Despite these changes, the Norfolk cabinet trade experienced a minor resurgence of British influence by the end of the century. As illustrated by this surprisingly British-looking chest of drawers, it affected both construction and design. Confined to the work of a few shops, the British revival was due to the arrival of a series of immigrant cabinetmakers shortly after peace was established. Among them were Londoner John Lindsay, who worked in Norfolk from 1785 to 1792, Irishman James McCormick, who came to Norfolk in 1787 after a brief stay in Alexandria, and John Lattemor, a Scottish artisan who appeared the same year. These and other British furniture makers remained in postwar Norfolk only a few months or years, but their collective presence apparently was enough revive a trace of British taste in the local market.

The CWF chest exhibits many of the sophisticated structural details encountered on the best contemporary British furniture. The drawer blades are backed by thin dustboards wedged into dadoes from below with short contiguous blocks whose grain runs side to side like that of the dustboards. Because the grain of the two elements is sympathetically organized, each reacts to changes in temperature and relative humidity by expanding and contracting together. It would have been simpler and cheaper to substitute one long front-to-back strip for the short lateral blocks, but the resulting joint, with woods of opposing grain, would be more likely to generate shrinkage cracks in the dustboards and case sides.

The chest's fully paneled back is also typical of British work. Consisting of beveled panels that float in the grooved edges of a mortised-and-tenoned frame, backs of this kind are often encountered on British and urban southern bookpresses, clothespresses, and other forms with sliding or removable interior shelves. The joined back frame lends tremendous strength to such case pieces, whose functions would normally preclude the presence of fixed internal supports. The presence of a paneled back on a chest of drawers like this one, which has a complete system of supporting dustboards, is structurally redundant and illustrates the extremes to which urban British joinery was sometimes carried. Similar combinations of full dustboards and paneled backs are occasionally found on case furniture from Annapolis and Williamsburg.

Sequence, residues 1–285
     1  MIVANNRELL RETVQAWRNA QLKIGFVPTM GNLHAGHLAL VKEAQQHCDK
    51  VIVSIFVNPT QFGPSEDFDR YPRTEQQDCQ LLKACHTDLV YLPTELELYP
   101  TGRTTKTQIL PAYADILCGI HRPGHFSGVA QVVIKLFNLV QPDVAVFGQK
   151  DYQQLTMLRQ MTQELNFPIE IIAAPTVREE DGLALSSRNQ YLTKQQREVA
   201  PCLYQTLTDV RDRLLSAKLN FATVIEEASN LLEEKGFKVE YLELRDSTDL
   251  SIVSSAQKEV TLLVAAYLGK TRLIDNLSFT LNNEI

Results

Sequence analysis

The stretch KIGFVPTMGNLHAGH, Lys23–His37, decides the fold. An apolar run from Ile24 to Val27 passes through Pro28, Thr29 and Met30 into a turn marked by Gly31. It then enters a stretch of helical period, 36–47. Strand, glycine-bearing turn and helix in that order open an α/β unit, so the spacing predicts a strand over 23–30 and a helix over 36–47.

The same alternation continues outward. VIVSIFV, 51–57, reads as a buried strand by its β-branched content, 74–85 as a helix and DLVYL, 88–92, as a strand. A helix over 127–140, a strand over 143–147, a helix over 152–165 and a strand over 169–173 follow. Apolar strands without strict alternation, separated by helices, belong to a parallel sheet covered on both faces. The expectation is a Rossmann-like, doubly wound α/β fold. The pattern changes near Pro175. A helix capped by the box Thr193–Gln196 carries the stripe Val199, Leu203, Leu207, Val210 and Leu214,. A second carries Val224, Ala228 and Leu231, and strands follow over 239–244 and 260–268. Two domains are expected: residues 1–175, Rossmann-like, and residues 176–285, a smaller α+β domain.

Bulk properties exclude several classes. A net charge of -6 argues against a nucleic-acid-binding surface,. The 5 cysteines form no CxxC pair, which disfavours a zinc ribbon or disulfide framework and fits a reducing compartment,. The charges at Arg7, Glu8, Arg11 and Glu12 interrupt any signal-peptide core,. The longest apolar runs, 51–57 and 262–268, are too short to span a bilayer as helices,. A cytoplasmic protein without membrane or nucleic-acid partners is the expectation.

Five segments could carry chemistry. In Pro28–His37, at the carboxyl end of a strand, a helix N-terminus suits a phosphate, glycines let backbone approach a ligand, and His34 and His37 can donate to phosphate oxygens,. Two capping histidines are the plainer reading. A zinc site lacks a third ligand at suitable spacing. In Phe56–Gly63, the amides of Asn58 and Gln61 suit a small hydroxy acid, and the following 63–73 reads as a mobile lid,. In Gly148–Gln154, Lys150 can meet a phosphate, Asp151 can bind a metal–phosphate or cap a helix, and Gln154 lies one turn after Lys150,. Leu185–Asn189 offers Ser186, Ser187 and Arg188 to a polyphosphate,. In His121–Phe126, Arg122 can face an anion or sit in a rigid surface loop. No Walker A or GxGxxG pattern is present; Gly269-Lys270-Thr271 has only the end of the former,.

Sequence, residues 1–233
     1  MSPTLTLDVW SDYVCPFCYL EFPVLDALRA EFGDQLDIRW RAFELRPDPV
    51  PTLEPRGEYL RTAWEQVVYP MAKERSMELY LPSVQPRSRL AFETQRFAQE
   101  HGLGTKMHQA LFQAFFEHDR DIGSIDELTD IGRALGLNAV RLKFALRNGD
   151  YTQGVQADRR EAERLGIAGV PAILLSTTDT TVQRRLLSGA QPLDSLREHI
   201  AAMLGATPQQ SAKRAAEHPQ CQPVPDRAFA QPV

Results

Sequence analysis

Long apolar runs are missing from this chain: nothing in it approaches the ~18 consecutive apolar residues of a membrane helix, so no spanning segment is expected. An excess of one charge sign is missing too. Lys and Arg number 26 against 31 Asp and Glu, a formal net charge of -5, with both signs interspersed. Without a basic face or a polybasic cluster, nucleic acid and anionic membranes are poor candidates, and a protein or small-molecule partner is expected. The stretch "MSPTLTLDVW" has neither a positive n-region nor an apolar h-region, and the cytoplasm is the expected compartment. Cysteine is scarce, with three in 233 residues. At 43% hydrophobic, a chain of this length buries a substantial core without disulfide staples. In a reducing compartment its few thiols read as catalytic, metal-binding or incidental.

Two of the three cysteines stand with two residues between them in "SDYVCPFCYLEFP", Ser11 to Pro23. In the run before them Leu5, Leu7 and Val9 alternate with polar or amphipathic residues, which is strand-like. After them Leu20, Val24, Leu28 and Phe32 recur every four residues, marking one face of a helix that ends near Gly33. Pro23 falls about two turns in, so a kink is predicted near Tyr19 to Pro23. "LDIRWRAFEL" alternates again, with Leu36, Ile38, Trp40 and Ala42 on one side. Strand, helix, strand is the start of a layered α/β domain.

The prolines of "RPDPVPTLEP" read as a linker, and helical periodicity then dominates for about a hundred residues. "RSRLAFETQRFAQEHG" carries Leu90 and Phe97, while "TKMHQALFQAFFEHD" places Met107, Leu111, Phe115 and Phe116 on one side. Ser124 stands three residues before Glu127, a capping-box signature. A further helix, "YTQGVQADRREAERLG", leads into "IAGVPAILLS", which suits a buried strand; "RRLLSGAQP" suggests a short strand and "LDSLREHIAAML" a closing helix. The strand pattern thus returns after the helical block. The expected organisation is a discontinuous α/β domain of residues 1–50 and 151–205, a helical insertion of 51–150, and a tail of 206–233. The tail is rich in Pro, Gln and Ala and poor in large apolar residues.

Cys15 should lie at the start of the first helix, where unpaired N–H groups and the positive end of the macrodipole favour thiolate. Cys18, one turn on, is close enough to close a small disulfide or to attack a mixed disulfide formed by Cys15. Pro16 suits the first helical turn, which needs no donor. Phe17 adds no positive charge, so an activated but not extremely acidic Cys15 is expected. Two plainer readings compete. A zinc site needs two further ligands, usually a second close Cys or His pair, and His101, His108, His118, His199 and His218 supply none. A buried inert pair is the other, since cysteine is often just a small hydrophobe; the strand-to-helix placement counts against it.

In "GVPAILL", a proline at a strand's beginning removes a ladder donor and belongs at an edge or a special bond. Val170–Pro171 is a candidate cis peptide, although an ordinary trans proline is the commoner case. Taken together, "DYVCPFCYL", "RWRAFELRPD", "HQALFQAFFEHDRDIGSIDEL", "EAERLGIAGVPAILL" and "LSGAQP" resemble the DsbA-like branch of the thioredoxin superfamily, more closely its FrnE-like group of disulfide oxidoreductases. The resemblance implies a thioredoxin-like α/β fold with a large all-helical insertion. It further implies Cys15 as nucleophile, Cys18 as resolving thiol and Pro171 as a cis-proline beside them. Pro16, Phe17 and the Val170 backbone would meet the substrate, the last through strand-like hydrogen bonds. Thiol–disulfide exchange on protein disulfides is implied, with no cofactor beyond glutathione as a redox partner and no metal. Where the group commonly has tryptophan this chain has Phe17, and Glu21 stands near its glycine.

The horizontally laminated foot blocking on the Norfolk chest is another example of the best British craftsmanship. Like the laterally grained glue strips beneath the dustboards, the blocks follow the horizontal grain of the bracket faces, allowing the unit to expand and contract in unison. Again, it would have been easier to substitute a single vertical block for the multiple individually cut and glued horizontal ones, but many British artisans and their coastal southern counterparts were willing to forgo the shortcut in favor of a foot with greater structural integrity. Although stacked blocking is often encountered on the straight bracket feet of earlier Virginia furniture, it is rarely found on later splayed or "French" feet like these.

The ample size of the CWF chest of drawers, unusual by American standards, is common in Britain. Six other equally large Norfolk chests representing the work of at least two shops are now known (see MESDA acc. 2985M). All exhibit sophisticated and time-consuming structural details like those noted here. At the same time, the external ornamentation on each piece is restrained and almost severe. Together, these chests suggest that in the face of sweeping stylistic changes, some householders in early national Norfolk still preferred well made but neat and plain furniture of the kind that had set the standard in eastern Virginia cities for decades before the Revolution.
Provenance:The chest was purchased from Priddy & Beckerdite, Richmond, Va., in 1988. The firm had acquired it the same year from an antiques dealer in Virginia Beach, Va., who had purchased it at a rural estate sale near the North Carolina border in the same jurisdiction.
Inscription(s):Columns of ciphering are written in chalk in an eighteenth- or early nineteenth-century hand on the interior of the back panels.